Hardwood species used in flooring are given a hardwood hardness rating which indicates how resistant the wood is to dents and wear. As you would expect, harder woods are better able to withstand indentations than softer woods. Consider Hickory, Oak, Maple or Brazilian Cherry for the greatest durability.
Regardless of the species, the type of protective finish that coats a hardwood will also play a big role in how scratch and stain resistant it is. (This is different from gloss level, which is purely cosmetic). All hardwood styles come with a protective finish — we offer several levels. For example, many solid and engineered styles include our Lifetime Finish, which is powered by nanoparticles for a superior level of scratch, stain and wear protection.
Gloss and Texture
Though the level of gloss on your floors won't impact the durability at all, a low-gloss/matte floor will hide scratches and other wear better than a gleaming, high-gloss style. If you have an active home with high traffic, you might also consider a hardwood style with hand-scraped texture, wire brushing or distressing. These rustic looks are not only on-trend, but they can hide everyday wear better than a smooth floor.
If you want the prestige of hardwood, but durability is your number one factor, you may opt for a high-performance hardwood. For example, we offer a collection called Performance Plus, which is infused with acrylic for maximum dent resistance, and has our Lifetime Finish. The acrylic treatment makes these floors up to 2X harder than traditional wood flooring. Even naturally softer species, such as Cherry and Birch, are hard enough for high traffic spaces.
Is hardwood flooring a good pick if I have pets?
Yes, but take precautions. The type of wood species you choose for your floor affects how well it holds up to wear and tear (see above). You can also help ensure a beautiful-looking floor by keeping your pets' nails trimmed, sweeping regularly to remove dirt, grit and fur, and wiping up spills and accidents as soon as they happen.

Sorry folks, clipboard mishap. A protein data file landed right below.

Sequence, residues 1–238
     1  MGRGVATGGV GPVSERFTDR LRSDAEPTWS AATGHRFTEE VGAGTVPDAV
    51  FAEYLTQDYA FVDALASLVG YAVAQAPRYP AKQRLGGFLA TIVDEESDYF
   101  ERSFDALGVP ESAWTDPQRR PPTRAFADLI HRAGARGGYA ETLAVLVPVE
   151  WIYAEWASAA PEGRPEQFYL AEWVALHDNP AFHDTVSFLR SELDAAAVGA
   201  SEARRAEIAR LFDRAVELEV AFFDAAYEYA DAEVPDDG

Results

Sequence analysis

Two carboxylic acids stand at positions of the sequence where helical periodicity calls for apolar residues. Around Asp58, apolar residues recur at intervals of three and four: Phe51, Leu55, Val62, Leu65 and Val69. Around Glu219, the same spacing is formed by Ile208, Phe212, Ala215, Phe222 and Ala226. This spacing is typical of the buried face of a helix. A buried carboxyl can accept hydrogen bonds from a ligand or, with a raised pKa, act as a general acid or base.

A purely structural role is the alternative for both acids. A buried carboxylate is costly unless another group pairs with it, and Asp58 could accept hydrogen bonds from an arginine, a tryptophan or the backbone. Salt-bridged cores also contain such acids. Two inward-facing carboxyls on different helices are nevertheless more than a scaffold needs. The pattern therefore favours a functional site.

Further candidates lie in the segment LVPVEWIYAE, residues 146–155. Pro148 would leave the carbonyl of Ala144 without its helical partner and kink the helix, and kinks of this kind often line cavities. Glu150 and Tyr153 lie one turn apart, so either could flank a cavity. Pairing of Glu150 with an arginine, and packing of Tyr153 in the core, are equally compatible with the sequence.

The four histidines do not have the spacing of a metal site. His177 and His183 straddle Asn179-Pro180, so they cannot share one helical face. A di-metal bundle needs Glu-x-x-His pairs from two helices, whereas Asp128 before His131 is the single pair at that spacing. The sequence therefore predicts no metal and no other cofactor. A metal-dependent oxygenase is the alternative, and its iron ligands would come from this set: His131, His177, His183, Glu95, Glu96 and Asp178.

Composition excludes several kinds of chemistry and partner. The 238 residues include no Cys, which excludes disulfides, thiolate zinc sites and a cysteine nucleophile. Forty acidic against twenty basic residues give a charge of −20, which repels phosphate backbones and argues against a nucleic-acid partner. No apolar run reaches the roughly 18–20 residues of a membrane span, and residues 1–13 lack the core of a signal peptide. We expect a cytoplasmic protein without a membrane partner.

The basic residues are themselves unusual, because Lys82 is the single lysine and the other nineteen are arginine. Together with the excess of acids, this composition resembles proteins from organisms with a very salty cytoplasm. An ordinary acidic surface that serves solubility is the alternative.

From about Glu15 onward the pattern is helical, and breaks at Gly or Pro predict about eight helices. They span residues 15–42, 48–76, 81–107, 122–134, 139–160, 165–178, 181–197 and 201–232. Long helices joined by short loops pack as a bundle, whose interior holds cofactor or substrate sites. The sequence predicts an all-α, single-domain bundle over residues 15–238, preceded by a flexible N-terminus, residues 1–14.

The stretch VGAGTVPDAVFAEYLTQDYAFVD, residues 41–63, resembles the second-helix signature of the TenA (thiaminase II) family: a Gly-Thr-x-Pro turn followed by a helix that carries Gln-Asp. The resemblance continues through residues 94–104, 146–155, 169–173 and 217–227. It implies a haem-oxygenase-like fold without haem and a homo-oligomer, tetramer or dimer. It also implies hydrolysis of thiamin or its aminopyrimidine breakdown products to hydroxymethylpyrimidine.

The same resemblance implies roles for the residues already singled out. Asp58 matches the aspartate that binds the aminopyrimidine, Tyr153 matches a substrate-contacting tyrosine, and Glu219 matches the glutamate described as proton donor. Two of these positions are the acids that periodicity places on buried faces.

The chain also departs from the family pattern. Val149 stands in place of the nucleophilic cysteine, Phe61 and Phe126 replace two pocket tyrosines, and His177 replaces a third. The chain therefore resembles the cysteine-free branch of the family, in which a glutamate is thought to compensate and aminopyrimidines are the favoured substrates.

So many hardwood flooring styles! How will I ever choose the right one?
First step: don't panic. This is a good problem to have! With so many stylish choices, you'll be able to find a floor that looks amazing — and fits your good design tastes and your installation and durability needs.
Next step: know what to expect. Here are some of the characteristics that will affect the look and feel of your floors, so start thinking about the overall style you want to achieve.
The great variety in wood flooring choices comes from the species’ natural colors, stains and finishes, and the wood’s tendency to lighten or darken subtly with age and sun exposure. Different species also have different levels of color variation, which is the extent to which the natural colors and shades vary on individual wood planks. Less variation creates a more uniform look, while highly varied color adds more eye-catching character.
Texture and Surface Treatments
Hardwood flooring can take on a ton of different looks, depending on the textures, finishes and surface treatments that are used. Smooth floors look more traditional, while wire brushing and distressing mimic the look of reclaimed wood. Liming and etching create weathered looks, and hand scraping evokes a sense of heritage that can appear traditional or rustic, depending on the gloss level.